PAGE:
Monday, May 25, 2009

Upcoming Presentations & blog stats

I have three upcoming public presentations over the next few weeks. The first takes place this Thursday night (May 28) in Brampton Ontario.... and it's the premier presentation about my ongoing travel/photo adventure, with tons of never-before seen photos and the stories behind them. If you're interested, check out this link on my website for more information:

If you make it to one of the presentations, be sure to say hi!

In other news, I'm pleased (actually amazed) to have had over 11,000 different visitors to this blog in the past 6 months. I never dreamed that so many people would visit! I promise lots more posts & new photos to come as my journey continues. Thanks for following!

Saturday, May 23, 2009

Survived the Birdathon!

Weary eyed from too little sleep, we began our birdathon at 2:07am on Thursday morning. The wind was howling, tempering our expectations and enthusiasm. Since we find most of our birds by sound, wind is a serious problem. Fewer birds sing in windy conditions and it's hard to hear them anyway. For the first several hours, we struggled in the darkness to find night birds - they just weren't calling.

Dawn is the critical time on a birdathon - you get the majority of your species in a short window of time because that's when birds are most actively singing. The forecast for Thursday was windy and record hot, so our success at dawn chorus would make or break our day. As it turned out we did well... finding most of the target breeding birds around MacGregor Point Provincial Park. We also lucked into a bunch of birds that are easy to miss. Our mid-morning tally surprised us, we had a chance of breaking our record of 174 species.

I would like to tell you that our luck continued through the afternoon, but the truth is that we hit a complete roadblock mid-day. Battling the high winds, we struggled to find any new birds. All the migrants that had been around earlier in the week had totally cleared out. There were no diving ducks or grebes - or perhaps we missed them in the choppy waters. Our enthusiasm sunk!

Late in the day, the wind dropped (the blackflies became horrific!) which salvaged our day. We picked up a steady stream of new birds in the final few hours. At 10pm, nearly hallucinating from exhaustion (catastrophic sugar crash), we called it a day. Our total was 161 species, which is is our fourth best total from many years of doing the birdathon. Given the hot & windy conditions, we were ecstatic to reach 161. This took 20 hours and 575km of driving.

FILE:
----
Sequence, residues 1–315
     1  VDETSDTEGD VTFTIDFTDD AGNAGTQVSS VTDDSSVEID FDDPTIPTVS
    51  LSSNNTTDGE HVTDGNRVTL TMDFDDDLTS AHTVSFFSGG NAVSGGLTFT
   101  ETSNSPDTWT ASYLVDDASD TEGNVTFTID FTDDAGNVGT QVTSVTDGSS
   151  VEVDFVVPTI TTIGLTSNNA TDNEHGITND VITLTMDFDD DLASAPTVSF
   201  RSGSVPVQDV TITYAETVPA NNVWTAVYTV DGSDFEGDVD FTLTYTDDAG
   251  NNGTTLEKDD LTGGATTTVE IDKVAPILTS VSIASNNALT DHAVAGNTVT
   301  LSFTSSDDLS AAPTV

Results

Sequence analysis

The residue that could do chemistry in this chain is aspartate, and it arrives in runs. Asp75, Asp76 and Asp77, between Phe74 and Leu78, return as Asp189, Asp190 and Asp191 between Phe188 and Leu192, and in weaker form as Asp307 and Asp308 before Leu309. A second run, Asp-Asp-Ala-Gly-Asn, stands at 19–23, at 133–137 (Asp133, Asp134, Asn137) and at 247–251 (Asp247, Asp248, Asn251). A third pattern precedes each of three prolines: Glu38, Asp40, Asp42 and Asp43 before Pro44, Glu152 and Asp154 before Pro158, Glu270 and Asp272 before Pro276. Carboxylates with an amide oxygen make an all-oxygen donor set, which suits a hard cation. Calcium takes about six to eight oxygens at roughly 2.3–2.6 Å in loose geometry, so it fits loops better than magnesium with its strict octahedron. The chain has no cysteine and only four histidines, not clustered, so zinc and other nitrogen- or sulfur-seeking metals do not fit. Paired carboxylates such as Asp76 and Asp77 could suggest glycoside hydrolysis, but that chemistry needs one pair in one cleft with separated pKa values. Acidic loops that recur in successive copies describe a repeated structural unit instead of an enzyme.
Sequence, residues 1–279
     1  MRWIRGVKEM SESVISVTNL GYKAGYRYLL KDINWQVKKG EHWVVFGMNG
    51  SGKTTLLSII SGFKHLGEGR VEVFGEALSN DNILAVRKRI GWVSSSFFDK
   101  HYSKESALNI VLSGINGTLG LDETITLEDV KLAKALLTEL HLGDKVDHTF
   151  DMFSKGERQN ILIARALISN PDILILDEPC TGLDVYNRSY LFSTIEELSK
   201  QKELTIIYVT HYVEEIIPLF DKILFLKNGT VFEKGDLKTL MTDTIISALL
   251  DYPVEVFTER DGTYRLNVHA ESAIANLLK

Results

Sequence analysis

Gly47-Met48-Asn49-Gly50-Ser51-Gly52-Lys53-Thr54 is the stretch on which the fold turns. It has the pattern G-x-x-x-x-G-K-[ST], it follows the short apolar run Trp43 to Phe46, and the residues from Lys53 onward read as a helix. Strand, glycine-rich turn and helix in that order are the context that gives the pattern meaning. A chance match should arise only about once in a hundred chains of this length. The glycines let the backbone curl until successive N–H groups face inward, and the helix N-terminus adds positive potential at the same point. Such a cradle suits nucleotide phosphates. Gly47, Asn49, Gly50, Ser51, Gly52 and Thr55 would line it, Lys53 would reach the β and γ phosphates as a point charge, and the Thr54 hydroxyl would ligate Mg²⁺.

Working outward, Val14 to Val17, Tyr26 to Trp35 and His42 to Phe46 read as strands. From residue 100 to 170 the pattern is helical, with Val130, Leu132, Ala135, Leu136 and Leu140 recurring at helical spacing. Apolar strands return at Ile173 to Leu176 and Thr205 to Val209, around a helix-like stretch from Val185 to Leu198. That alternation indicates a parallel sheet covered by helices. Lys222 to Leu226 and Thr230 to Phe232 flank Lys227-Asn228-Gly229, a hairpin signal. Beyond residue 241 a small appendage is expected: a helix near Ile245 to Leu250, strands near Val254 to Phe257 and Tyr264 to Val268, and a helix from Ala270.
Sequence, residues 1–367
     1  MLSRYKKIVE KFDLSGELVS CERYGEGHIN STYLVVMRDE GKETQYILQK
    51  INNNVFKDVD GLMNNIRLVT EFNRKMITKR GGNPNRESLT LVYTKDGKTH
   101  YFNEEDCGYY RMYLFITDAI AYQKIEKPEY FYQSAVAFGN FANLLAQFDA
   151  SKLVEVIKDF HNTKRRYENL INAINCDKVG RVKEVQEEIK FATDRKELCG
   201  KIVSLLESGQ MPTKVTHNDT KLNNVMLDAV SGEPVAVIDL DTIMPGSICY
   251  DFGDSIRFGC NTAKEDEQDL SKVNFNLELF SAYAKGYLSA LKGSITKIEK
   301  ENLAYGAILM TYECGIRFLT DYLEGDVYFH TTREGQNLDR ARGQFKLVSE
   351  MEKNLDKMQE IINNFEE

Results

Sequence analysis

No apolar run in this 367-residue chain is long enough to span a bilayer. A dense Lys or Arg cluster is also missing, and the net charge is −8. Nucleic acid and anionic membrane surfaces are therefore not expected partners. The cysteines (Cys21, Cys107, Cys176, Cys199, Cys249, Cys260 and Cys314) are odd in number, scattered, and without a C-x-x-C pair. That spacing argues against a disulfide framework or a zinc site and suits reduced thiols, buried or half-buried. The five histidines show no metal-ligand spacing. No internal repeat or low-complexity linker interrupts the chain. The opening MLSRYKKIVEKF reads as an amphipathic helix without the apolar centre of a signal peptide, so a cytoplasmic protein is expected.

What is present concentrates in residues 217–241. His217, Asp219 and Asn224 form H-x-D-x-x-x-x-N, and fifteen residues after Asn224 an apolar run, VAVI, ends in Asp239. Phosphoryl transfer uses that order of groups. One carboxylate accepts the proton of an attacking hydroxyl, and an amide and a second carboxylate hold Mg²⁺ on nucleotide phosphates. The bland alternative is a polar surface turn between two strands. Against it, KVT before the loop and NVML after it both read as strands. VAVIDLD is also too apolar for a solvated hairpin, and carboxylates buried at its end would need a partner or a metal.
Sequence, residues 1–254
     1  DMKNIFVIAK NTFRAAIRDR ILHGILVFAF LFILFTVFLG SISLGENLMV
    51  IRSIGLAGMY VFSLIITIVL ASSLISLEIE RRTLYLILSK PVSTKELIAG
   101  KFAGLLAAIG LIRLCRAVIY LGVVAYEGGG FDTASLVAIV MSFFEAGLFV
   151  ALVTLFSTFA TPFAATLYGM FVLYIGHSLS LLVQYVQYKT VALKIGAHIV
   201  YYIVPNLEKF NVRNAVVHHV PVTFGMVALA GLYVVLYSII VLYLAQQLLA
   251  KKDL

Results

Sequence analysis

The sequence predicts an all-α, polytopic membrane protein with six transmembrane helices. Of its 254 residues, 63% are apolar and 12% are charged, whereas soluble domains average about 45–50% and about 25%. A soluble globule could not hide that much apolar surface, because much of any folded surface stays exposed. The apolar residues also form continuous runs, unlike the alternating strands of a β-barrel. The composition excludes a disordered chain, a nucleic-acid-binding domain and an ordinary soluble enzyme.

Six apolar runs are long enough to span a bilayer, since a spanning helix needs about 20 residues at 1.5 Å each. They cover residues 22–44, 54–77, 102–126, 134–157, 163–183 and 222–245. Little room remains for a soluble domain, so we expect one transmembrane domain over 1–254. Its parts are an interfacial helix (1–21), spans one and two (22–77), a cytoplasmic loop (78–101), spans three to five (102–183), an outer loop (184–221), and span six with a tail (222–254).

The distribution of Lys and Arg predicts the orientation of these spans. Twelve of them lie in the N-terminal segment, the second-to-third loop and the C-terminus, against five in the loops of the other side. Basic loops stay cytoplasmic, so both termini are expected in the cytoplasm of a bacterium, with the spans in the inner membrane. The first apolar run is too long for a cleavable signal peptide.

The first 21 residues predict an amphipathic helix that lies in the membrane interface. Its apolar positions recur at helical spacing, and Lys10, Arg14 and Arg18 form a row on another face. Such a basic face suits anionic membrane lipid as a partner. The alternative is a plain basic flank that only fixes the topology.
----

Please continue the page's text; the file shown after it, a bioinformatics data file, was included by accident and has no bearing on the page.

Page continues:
There were a number of highlights during the day.... watching a red fox catch and kill a watersnake, finding a loggerhead shrike (endangered in Ontario) in an unexpected spot, seeing nesting piping plovers and watching a black bear feeding at dusk.

The most interesting facet of our birdathon is not the birds at all, but my diet. This is my one day a year to put aside all common food sense and eat with reckless abandon. To maintain my uber-birding pace in the absence of sleep, requires a truly foolish diet. Here's what I consumed during the 20 hour marathon: at least 27 mini-powdered donuts, 14 pepperoni sticks, slabs of beef jerky, an entire bag of chocolate peanut butter cups, two dozen cookies, a large bag of chips, half a bag of licorice, 4 cans of pop (sugar-free?!) and two mugs of coffees. How do I avoid sugar crash, you ask? Never stop eating until it's over.

Thanks to my birding buddies Mark Weircinski and John Haselmayer for making the day so much fun and for continually feeding me while I drove. And a huge thanks to all the people who sponsored the birdathon with pledges to Bird Studies Canada!

Sunday, May 17, 2009

Spring Migrants - Point Pelee & Pelee Island

When there are songbirds around, I find it difficult to photograph anything else! The past week has been quite good for migrants in the Pelee area... and yesterday was one of my all-time best birding days for warblers..... there were tons hanging out on the north end of Pelee Island. Within only an hour or so, I'd found 22 warbler species.

Warblers are my favorite birds to shoot and getting a good photo is no easy task. If I end up with one publishable warbler photo from a day of shooting I consider it a success. This year I have been lucky to find a few cooperative birds.

Photo 1: Canada Warbler, Point Pelee
EOS 1DsIII; 500/4IS & 2x teleconvertor; 580EX flash (fill flash)

Photo 2: Black-throated Blue Warbler, Point Pelee